the Sun to make this an agreeable and habitable planet. This question is
      often referred as the Goldilocks problem after the girl in the fable who
      tasted the porridge of the three bears. Venus is too hot, Mars is too cold,
      but the Earth, like Baby Bear's porridge, is just right. This, however, is a
      bit simplistic, since much more than distance is involved. The surface
      temperature of the Earth that we find so agreeable, is maintained by a
      'greenhouse' effect, which traps heat. Without water and carbon dioxide in
      the atmosphere, the surface temperature would average 18 degrees below
      zero Centigrade, and the world would resemble Siberia in the depths of
      winter. Venus is too hot mainly because of the 'greenhouse' effect of its
      thick atmosphere of carbon dioxide, not because it is so much closer to the
      Sun. Were it not for the greenhouse effect that traps the heat, the surface of
      that roasted planet would be below freezing. Its clouds reflect so much of
      the energy coming from the Sun that Venus absorbs only a little more solar
      radiation than Mars. Even the thin atmosphere of Mars adds a few degrees
      to the surface temperature of that frozen desert. The width of the zone
      around the Sun in which a habitable planet can reside in our solar system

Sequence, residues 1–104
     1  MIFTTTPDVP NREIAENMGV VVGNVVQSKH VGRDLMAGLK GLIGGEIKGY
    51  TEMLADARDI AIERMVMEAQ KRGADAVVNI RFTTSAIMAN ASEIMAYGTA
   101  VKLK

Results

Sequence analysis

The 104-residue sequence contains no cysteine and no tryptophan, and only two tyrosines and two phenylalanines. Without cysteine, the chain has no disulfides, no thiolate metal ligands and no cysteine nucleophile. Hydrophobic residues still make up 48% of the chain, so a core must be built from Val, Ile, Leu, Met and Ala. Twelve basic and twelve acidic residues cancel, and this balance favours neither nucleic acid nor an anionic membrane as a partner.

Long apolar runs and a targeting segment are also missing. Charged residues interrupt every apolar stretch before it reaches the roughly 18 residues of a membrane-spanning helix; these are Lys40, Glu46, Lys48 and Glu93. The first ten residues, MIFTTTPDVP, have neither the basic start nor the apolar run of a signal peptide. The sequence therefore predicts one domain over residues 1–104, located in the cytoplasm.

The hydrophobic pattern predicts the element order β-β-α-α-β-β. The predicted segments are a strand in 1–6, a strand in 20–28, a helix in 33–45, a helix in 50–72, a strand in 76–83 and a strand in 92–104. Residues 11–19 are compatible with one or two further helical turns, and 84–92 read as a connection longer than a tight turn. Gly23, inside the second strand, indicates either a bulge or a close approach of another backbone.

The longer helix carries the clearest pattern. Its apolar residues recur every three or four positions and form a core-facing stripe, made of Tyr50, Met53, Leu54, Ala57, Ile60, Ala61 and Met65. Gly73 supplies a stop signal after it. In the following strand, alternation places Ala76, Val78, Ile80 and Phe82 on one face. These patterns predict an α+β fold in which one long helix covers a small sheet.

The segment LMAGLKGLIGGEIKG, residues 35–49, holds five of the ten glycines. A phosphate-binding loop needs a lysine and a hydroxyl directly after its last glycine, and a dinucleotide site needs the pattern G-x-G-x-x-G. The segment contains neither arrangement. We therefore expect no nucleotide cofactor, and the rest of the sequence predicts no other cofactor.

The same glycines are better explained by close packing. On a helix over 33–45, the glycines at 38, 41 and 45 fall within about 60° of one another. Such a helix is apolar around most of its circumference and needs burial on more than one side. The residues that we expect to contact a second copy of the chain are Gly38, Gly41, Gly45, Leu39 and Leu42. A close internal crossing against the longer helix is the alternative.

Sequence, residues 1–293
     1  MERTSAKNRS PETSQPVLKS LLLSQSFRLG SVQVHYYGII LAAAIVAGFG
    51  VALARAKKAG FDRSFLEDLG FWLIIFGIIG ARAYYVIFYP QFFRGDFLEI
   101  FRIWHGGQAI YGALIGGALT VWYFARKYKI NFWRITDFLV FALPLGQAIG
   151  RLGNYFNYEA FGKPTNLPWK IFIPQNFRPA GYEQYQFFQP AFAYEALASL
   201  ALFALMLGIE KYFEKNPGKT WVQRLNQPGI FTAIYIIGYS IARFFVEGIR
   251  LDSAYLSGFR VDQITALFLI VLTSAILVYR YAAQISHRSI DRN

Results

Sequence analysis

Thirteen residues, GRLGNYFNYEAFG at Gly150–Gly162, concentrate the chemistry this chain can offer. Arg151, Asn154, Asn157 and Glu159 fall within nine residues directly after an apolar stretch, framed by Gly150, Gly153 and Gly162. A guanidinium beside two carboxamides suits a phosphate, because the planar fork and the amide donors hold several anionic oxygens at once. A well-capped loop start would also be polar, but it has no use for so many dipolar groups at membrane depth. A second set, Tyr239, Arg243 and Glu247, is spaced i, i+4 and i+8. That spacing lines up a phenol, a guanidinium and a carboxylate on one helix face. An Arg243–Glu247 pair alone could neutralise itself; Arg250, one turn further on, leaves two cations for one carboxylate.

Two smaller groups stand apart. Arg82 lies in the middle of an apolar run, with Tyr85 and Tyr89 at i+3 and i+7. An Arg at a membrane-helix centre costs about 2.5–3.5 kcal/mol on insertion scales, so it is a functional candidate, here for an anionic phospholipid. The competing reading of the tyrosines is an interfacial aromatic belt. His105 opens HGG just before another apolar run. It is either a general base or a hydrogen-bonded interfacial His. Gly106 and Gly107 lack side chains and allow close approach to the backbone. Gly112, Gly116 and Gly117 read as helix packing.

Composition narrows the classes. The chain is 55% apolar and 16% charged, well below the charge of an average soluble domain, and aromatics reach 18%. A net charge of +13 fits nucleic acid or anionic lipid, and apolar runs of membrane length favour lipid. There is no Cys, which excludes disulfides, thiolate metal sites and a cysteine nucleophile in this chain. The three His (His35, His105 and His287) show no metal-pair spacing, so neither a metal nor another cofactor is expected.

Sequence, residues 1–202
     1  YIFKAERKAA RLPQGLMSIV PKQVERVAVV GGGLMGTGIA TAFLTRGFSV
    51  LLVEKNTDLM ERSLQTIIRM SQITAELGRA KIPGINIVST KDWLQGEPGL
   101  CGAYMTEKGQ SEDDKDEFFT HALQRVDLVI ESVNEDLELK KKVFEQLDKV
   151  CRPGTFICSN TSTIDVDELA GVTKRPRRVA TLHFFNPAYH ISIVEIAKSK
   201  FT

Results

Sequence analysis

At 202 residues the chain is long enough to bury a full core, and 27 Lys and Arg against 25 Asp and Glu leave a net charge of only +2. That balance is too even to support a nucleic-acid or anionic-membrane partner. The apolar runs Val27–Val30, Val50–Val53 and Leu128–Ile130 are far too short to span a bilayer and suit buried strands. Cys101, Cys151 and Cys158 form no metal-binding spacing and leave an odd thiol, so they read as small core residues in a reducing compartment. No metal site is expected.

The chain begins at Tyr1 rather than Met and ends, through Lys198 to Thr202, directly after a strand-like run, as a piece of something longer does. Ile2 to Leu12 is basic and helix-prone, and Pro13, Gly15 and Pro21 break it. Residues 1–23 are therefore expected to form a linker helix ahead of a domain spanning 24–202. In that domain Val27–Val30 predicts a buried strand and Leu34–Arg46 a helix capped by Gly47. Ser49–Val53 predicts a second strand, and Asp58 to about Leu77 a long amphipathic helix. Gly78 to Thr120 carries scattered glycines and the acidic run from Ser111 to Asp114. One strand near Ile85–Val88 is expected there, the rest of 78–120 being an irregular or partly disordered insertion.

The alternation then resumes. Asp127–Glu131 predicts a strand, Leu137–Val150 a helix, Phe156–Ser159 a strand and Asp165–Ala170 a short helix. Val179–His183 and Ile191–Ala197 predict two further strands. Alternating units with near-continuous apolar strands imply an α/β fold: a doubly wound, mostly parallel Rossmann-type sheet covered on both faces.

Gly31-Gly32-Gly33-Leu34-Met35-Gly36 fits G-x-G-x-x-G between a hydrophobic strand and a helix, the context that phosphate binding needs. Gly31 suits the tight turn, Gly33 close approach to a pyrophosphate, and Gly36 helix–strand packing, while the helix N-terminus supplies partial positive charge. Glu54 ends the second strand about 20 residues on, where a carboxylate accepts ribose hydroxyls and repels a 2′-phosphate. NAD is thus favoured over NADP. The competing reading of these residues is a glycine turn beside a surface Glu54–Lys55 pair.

is quite narrow. Various estimates range from about a tenth of an AU to
      about half an AU around the orbit of the Earth. But making a habitable
      planet depends on a complex set of factors, of which distance from the
      Sun is only one. The amount and composition of the atmosphere and the
      nature of the cloud cover are critical. So it's not just a matter of getting an
      earth-sized planet at the right distance from a star. A host of other factors
      are involved." (Taylor S.R., "Destiny or Chance: Our Solar System and its
      Place in the Cosmos," [1998], Cambridge University Press: Cambridge
      UK, 2000, reprint, p.185)

      "Does g have to be 6.67 * 10-^11? What if g were a little larger or a little
      smaller? It turns but that the consequences of even very small changes in
      the gravitational constant would be profound. If the constant were even
      slightly larger, it would have increased the force of gravity just enough to
      slow expansion after the big bang. And, according to Hawking, `If the rate
      of expansion one second after the big bang had been smaller by even one
      part in a hundred thousand million million it would have recollapsed
      before it reached its present size.' (Hawking S.W., "A Brief History of
      Time," Bantam: New York, 1988, p.121) Conversely, if g were smaller,
      the dust from the big bang would just have continued to expand, never
      coalescing into galaxies, stars, planets, or us. The value of the gravitational
      constant is *just right* for the existence of life. A little bigger, and the
      universe would have collapsed before we could evolve; a little smaller,
      and the planet upon which we stand would never have formed. The
      gravitational constant has just the right value to permit the evolution of